"Nothing can stop the man with the right mental attitude from achieving his goals; nothing on earth can help the man with the wrong mental attitude."
I attended a business leadership conference this week, and one of my favorite sessions was about the human brain. It's a subject I've been interested in for a long time. It pretty much affirmed what Thomas Jefferson knew 200 years ago, and what I learned a decade ago is correct. You actually are what you think.
A lot of times, we're tempted to wish that other people could see us the way we see ourselves--but is that really a good idea? Much of the time, we're our own worse enemy. Often, we stand in our own way of doing the things we really want to do. We remind ourselves of past failures. We point out what a huge challenge the goal represents. We convince ourselves we aren't focused enough, or smart enough, or experienced enough, or talented enough to do what it is in our hearts we really want to do. We don't need anybody to hold us back--we do a really good job of that ourselves. As Henry Ford said, "If you think you can do a thing, or think you can't do a thing--you're right." And so we spend our lives watching life from the sidelines instead of playing in the game.
But the good news is it doesn't have to be this way. We can change this pattern just by changing our mind. By teaching our brains to view the world differently by thinking positively instead of negatively.
Our brain continues to develop during our entire lifetime, and we can teach ourselves to be more confident in our abilities to accomplish the things we want to achieve in life. And the more we learn to control those A.N.T.'s (Automatic Negative Thoughts) and replace them with positive thoughts, the more used to that way of thinking our brains become. Our brain is constantly making new connections and learning new things, and establishing new pathways, and the more we focus on that new skill, the stronger those new connections become--thinking automatically positively instead of automatically negative will soon become and engrained habit if you practice it enough.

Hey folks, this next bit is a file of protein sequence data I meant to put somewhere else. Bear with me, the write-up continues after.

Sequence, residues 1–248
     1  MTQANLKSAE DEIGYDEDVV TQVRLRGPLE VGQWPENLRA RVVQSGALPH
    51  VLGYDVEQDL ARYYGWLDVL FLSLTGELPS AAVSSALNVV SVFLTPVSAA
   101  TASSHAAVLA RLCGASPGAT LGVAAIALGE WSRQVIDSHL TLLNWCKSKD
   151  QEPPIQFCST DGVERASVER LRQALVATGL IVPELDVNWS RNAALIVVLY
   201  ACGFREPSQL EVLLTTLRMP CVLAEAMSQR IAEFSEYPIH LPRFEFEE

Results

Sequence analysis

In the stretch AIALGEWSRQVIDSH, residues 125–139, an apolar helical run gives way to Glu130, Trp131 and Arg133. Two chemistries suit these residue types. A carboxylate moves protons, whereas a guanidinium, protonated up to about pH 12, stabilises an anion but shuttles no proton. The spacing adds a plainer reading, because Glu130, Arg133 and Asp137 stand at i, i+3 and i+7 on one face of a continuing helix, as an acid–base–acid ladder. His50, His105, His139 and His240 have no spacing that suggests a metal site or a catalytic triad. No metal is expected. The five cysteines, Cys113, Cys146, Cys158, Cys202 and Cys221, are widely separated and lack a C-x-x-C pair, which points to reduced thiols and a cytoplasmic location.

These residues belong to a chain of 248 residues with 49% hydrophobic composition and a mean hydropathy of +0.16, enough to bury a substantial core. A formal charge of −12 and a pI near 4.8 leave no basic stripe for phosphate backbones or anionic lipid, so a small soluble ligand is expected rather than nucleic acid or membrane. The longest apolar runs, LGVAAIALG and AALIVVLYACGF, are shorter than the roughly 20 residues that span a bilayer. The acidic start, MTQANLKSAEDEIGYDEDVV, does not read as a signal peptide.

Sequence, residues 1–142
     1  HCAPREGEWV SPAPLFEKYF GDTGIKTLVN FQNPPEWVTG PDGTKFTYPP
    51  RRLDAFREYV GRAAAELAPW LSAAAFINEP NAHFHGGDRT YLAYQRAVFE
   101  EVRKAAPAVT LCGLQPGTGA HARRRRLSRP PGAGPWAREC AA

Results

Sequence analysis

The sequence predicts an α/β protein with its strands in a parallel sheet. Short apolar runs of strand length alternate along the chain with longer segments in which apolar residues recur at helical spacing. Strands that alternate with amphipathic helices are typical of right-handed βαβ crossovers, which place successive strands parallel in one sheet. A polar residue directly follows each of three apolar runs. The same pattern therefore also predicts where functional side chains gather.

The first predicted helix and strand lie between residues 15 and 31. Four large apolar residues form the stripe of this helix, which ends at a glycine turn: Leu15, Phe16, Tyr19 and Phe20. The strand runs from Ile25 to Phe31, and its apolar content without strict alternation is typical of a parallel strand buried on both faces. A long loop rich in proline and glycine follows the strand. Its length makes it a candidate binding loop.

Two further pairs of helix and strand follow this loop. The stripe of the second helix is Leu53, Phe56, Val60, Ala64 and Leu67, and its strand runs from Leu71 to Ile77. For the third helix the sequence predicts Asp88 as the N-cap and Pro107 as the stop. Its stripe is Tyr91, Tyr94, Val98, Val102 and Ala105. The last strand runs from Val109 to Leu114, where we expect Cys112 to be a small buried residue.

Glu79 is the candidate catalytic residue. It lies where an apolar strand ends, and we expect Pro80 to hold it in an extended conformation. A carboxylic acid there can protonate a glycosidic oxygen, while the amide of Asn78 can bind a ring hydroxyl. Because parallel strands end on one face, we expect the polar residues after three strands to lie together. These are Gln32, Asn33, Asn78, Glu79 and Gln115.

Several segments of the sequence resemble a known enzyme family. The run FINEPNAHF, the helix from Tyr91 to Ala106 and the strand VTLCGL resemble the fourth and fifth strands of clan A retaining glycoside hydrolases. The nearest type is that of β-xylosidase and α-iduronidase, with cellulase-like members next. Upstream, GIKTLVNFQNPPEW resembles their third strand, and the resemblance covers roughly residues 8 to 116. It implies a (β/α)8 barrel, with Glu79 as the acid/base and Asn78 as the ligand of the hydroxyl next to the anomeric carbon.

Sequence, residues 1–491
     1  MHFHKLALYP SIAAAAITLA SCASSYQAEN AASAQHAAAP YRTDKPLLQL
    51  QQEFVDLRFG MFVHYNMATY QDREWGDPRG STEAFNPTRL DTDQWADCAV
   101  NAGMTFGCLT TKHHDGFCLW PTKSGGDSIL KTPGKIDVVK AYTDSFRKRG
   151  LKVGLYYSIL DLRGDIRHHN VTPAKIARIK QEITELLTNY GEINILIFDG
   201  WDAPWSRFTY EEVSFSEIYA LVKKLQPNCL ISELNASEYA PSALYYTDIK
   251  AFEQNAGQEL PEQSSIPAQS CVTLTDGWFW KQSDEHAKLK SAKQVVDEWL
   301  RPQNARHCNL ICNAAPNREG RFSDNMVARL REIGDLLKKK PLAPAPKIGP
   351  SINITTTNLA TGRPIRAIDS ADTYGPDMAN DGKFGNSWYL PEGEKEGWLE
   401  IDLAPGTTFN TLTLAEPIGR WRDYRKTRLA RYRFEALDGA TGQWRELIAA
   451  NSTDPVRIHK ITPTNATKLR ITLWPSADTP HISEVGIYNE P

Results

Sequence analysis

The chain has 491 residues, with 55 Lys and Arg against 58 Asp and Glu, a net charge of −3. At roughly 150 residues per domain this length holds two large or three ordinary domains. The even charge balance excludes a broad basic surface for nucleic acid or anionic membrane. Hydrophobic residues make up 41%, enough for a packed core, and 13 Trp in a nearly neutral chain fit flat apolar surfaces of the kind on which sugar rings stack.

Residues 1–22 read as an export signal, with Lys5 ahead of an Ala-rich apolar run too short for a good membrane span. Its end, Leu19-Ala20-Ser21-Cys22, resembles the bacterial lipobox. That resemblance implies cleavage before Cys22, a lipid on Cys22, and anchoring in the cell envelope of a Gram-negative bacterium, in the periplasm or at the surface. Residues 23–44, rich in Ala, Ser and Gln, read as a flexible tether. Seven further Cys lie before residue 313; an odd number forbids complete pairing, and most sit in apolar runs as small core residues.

Try it for a few days--every time you catch yourself seeing something in a negative light, try and view it differently. See if after a few days of this, you don't feel a lot better about the world in general, and after a month, see if you don't feel better about where you are in the grand scheme of things. And if you really take it to heart and work at it, you're going to find evidence in a very short time that there is nothing beyond your reach. Such a simple thing can change your life in ways you can't even imagine (because you won't let yourself imagine those things). And if you're the person that's thinking right now "well that's just stupid," you're the one that could benefit the most from this little exercise. Try it. What could it hurt?
There's a great book on this subject if you'd like to learn more about it. It's called Mindsight: The New Science of Personal Transformation by Daniel Siegel, M.D. I highly recommend it.
Todd E. Creason, 33° is an author and novelist whose work includes the award-winning historical series Famous American Freemasons. In 2011, he published his first novel One Last Shot which was followed in 2012 with a sequel A Shot After Midnight. He's currently working on the third novel in the Twin Rivers series. All of Todd E. Creason's books are sold at major online booksellers like Amazon.com and Barnes & Noble and are available for both Nook and Kindle.